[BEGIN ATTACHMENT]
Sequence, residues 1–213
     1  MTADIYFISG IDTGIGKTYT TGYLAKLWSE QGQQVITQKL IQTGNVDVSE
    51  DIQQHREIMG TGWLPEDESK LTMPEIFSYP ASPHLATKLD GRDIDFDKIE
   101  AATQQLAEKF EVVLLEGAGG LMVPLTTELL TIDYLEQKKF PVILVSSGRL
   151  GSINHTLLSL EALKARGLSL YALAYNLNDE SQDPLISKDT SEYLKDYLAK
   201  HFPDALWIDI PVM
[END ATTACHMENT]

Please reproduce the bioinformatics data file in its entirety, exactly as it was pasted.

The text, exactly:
Sequence, residues 1–213
     1  MTADIYFISG IDTGIGKTYT TGYLAKLWSE QGQQVITQKL IQTGNVDVSE
    51  DIQQHREIMG TGWLPEDESK LTMPEIFSYP ASPHLATKLD GRDIDFDKIE
   101  AATQQLAEKF EVVLLEGAGG LMVPLTTELL TIDYLEQKKF PVILVSSGRL
   151  GSINHTLLSL EALKARGLSL YALAYNLNDE SQDPLISKDT SEYLKDYLAK
   201  HFPDALWIDI PVM